Maybe for our first dance, though.
Each night after Mama and Daddy put us all to bed, I’d hear music playing downstairs in the living room. It was the same song every single time: Sam Cooke’s “You Send Me”—their first dance song. Tiptoeing out of my room, I went to the top of the staircase and looked downstairs. The lights were dimmed, Daddy took Mama’s hand and asked her a question. “Dance with me?” he asked her every night before they started to dance. Daddy was spinning Mama around in circles, both of them giggling like they were kids. Mama had a glass of wine in her hand, and as Daddy swayed her, the wine flew from the glass and onto the white carpet. They giggled even more at the mess and pulled each other closer. Mama’s head rested against Daddy’s chest as he whispered into her ear, and they danced so slow.
That’s what true love meant to me.
True love meant you could laugh at mistakes.
True love meant you could whisper secrets.
True love meant you never had to dance alone.
The next morning, I woke ready for the day ahead of me. “Today is the rehearsal for my wedding day!” I shouted, stretching my arms out and jumping up and down on my bed. “It’s my rehearsal! It’s my rehearsal day!”
Calvin stumbled into my bedroom, rubbing his hands over his sleepy eyes. “Gosh, Maggie, can you shut it? It’s three in the morning,” he griped, yawning.
I smirked. “It doesn’t matter, because it’s my rehearsal day, Calvin!”
He grumbled some more and called me a name, but I didn’t care.
Daddy stumbled into my room almost exactly how my brother had, rubbing his eyes and yawning. He walked over to my bed, and I wrapped my arms around his neck, forcing him to hold me up in the air.
“Daddy, guess what? Guess what?” I shrieked with excitement.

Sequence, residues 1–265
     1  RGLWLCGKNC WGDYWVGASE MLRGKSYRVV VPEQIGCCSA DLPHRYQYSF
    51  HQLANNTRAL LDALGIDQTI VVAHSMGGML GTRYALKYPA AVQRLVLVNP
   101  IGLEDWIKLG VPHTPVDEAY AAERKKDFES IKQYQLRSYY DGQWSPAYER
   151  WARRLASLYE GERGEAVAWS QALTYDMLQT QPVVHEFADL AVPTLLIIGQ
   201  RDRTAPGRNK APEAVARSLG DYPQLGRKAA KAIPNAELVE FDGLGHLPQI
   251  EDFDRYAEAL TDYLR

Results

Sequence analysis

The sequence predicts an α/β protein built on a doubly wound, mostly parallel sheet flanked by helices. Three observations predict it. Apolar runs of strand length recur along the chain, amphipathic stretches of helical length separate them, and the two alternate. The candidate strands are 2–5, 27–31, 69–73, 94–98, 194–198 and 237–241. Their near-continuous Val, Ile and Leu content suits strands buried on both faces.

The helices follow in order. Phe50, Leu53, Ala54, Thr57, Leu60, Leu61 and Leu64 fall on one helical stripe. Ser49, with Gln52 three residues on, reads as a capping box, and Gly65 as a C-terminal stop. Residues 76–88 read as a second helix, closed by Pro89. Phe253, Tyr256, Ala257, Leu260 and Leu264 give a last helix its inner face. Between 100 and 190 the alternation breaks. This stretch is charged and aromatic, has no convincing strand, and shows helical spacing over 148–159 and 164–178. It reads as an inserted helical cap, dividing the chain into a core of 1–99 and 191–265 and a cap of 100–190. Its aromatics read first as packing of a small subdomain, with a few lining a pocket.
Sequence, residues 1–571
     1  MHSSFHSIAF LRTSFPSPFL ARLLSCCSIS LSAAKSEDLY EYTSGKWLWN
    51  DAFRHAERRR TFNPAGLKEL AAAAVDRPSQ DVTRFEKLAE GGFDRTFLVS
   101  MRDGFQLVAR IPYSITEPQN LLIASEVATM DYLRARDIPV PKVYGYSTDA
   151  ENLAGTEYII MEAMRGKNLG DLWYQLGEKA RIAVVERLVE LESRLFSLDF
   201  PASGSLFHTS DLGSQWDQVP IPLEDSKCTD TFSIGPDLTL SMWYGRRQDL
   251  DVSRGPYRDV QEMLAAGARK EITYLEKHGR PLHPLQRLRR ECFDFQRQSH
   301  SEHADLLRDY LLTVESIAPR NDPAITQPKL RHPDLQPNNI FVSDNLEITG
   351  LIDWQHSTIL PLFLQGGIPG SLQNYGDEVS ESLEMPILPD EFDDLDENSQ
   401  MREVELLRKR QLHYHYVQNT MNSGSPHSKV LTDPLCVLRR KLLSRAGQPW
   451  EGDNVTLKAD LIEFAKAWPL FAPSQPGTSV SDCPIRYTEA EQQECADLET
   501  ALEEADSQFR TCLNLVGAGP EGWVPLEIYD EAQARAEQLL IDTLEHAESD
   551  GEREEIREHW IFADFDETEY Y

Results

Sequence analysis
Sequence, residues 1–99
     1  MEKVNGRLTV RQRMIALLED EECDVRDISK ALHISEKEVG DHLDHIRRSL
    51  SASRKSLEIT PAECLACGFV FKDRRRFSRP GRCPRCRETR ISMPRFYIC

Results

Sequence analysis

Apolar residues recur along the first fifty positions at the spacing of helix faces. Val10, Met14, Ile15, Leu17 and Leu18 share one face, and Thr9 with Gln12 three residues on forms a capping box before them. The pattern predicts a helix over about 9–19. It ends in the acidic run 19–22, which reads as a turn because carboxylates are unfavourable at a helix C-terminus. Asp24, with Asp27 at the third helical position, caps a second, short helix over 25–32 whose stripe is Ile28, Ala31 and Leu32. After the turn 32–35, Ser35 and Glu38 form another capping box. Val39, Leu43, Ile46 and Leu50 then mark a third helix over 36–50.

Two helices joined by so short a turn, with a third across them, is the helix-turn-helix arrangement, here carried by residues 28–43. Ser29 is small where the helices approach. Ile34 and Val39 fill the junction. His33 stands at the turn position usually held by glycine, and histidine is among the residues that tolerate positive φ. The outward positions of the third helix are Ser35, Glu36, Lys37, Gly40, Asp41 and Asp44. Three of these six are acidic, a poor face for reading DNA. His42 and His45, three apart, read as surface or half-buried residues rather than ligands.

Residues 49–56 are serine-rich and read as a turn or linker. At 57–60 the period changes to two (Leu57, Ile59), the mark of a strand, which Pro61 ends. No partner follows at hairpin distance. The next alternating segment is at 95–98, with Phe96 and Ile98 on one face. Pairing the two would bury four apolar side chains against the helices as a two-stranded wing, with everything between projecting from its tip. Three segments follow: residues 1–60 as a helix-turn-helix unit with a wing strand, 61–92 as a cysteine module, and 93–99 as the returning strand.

“Let me guess, you’re having your wedding rehearsal today?”
I nodded quickly and laughed as he tiredly spun me around in a circle. “How did you know?”
He smirked. “Lucky guess.”
“Can you make her stop yelling so we can go back to bed?” Calvin groaned. “It’s not even a real wedding!”
I gasped and went to sass him for his lies, but Daddy stopped me, whispering, “Someone’s not a morning person. How about we all go back to bed for a few hours, and then I’ll cook you a day-before-wedding-day breakfast?”
“Waffles with strawberries and whipped cream?”
“And sprinkles!” He smiled.
Calvin stomped his grumpy butt back to his room, and Daddy laid me back down on my bed, giving me Eskimo kisses. “Try to get a few more hours of sleep, okay, honey? You have a big day ahead of you.” He tucked me in, the same way he did each and every night.
“And, Maggie May?”
“The world keeps spinning because your heartbeats exist.” He’d said those words to me every single day, as long as I could remember.
When he left the room, he shut the light off, and I lay in bed, staring up at the glow-in-the-dark star stickers on my ceiling, smiling wide with my hands over my chest, where I felt each and every one of my heartbeats that kept the world spinning.